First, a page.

How much money would you make if you owned Formula One? Find out what F1’s owner Liberty Media made in its first five years of ownership. As Mercedes’ Lewis Hamilton and Red Bull’s Max Verstappen start the 2022 season, watch the mind-boggling numbers involved in F1.
A finale like Abu Dhabi in 2021 has made this Formula One season the most eagerly awaited in years, possibly decades. “Cheated” out of a record-breaking eighth world championship with just a few corners to go in December’s controversial race at the Yas Marina Circuit, Sir Lewis Hamilton will want to wrest the crown from Red Bull’s Max Verstappen. Millions will tune in this weekend to see if he can.
As the F1 circus kicks off 2022 in Bahrain, it’s all eyes on Hamilton and the Dutchman, but there are battles on the grid everywhere you look. Ferrari look strong, McLaren too, and George Russell is expected to give his Mercedes team mate an even closer run than Valteri Bottas did.
A series of rule changes for this season heralds a revolution in design and performance. The cars look different – 18-inch low-profile tyres and stacks of modifications are pushing the envelope and are likely to attract a massive TV audience. Many of them will be a new generation of younger fans more comfortable with social media and more prolific on it too.
Glitz, glamour and lots of money
F1 is a big-money sport, and millions of dollars will be spent on race tickets, team merchandise and corporate hospitality over the course of this 22-race season.
Formula One’s owner Liberty Media is a clear beneficiary. Five years after it bought the business from private equity firm CVC Partners for over $4 billion, the American company had a record year in 2021, making big profits.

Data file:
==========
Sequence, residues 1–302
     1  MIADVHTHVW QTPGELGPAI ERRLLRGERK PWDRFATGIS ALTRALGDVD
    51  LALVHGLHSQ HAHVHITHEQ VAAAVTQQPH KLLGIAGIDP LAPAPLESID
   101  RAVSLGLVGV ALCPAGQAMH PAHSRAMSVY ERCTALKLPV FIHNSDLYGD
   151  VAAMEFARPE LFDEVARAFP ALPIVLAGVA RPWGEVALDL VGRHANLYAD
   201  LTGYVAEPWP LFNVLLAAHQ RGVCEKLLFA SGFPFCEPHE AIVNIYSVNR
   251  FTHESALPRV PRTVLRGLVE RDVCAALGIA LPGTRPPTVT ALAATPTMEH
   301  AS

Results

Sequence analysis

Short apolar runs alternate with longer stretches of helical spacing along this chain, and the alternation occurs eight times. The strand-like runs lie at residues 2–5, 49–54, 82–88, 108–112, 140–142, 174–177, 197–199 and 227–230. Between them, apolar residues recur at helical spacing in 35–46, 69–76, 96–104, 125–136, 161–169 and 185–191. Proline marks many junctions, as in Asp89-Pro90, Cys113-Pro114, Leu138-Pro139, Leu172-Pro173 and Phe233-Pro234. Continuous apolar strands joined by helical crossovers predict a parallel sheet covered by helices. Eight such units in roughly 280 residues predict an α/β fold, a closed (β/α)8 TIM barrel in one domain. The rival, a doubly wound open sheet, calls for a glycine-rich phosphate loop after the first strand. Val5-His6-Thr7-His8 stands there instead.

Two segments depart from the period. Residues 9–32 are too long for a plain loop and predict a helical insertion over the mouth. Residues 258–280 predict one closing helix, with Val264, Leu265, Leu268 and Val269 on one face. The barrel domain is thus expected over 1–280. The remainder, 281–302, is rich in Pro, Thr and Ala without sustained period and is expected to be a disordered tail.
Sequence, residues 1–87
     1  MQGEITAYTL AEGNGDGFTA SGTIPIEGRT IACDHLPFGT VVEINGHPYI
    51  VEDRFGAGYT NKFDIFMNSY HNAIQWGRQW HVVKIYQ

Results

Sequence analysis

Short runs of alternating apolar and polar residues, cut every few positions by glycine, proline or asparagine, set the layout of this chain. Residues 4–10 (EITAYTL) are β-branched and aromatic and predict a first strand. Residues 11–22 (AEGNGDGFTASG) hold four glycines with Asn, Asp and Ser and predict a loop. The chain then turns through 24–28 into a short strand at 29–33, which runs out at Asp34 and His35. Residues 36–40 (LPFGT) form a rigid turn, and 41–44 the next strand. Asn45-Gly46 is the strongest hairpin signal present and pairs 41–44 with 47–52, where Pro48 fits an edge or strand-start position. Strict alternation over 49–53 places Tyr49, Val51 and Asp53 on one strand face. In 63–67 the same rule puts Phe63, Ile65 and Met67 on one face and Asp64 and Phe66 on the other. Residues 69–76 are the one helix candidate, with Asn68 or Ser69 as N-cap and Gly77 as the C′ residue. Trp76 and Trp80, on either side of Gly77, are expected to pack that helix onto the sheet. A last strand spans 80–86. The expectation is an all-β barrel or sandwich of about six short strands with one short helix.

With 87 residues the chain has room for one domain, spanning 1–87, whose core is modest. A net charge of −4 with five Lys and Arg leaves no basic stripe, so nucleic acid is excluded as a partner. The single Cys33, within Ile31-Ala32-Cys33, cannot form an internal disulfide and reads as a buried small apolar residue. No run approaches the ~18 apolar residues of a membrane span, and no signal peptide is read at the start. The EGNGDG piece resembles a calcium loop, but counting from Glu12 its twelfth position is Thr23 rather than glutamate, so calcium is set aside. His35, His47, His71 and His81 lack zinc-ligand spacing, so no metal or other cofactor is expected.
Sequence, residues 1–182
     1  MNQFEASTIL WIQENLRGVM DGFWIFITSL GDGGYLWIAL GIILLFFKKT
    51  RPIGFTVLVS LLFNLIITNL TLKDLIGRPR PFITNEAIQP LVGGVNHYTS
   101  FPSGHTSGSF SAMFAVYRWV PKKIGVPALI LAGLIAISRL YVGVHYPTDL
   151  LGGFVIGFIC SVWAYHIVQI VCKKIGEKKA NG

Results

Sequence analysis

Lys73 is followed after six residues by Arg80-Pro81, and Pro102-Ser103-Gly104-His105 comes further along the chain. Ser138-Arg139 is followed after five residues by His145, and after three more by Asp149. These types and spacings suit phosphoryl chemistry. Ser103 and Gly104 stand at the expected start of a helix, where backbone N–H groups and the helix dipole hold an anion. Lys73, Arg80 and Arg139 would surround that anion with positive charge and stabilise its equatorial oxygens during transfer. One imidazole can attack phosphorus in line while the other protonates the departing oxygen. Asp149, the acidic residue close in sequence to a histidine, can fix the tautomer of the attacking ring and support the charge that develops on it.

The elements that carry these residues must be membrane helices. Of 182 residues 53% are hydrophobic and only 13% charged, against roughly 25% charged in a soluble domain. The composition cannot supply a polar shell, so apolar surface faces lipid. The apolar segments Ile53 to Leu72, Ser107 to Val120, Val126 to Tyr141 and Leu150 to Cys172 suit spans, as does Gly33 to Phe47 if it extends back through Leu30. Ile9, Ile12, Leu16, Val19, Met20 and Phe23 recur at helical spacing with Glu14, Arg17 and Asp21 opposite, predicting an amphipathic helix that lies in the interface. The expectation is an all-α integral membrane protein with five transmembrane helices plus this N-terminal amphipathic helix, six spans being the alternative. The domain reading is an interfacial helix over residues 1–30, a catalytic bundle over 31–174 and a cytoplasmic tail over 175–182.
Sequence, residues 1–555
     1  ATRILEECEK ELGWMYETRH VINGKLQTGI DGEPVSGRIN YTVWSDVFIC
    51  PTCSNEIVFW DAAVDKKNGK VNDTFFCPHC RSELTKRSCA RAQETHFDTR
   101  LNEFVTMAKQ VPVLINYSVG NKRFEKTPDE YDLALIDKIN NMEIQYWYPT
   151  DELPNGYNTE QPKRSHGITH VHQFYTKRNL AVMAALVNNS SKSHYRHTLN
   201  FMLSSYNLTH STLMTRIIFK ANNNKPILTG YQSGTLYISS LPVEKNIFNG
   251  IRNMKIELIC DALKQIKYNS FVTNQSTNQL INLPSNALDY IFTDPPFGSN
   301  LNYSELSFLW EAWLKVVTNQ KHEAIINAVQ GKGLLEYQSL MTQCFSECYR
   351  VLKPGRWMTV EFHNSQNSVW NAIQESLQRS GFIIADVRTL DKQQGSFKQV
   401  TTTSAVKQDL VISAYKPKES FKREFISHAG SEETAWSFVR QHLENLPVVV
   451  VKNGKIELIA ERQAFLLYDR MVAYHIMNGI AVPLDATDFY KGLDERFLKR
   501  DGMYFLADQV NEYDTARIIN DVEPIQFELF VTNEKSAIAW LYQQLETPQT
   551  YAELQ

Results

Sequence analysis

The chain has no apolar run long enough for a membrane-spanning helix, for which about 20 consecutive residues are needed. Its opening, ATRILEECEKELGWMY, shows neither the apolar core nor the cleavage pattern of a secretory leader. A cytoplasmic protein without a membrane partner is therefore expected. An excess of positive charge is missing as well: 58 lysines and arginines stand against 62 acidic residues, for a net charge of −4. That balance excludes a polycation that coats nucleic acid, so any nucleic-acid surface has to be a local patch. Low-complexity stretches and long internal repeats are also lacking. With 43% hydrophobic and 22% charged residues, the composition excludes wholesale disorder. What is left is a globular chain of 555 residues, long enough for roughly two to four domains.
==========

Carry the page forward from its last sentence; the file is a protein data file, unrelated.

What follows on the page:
But it’s not been a smooth ride for F1’s latest owner. There was work to do rebuilding F1 after CVC did what private equity does, exploiting the multi-billion-dollar industry for its own gain. Putting profit over investment had consequences, which Liberty has started to put right. A pandemic-affected 2020 season also put a big hole in Liberty’s pocket.
Obviously, that costs money, lots of it. And running F1 is hugely expensive. Race promotion fees, media rights and sponsorship typically generate around $2 billion of revenue every year, but teams need paying – about $1 billion is distributed among the 10 teams - and staff headcount has grown under Liberty.
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There’s a line in the annual results that sticks out like a sore thumb too – something the accountants call depreciation and amortization. It’s a far cry from the showbiz world of F1, but it’s the most important item in the book.
Amortisation refers to the way companies allocate the cost of an intangible asset over time. For Liberty, which trades on the Nasdaq tech market in the US as Liberty Formula One Group C (NASDAQ:FWONK), it represents their rights to commercialise the F1 championship, which is amortized over 35 years.
We’ve analysed where the money’s coming from and what it has cost Liberty to put on the F1 show over the past five years. Whether you’re an F1 fan or not, the results are fascinating.
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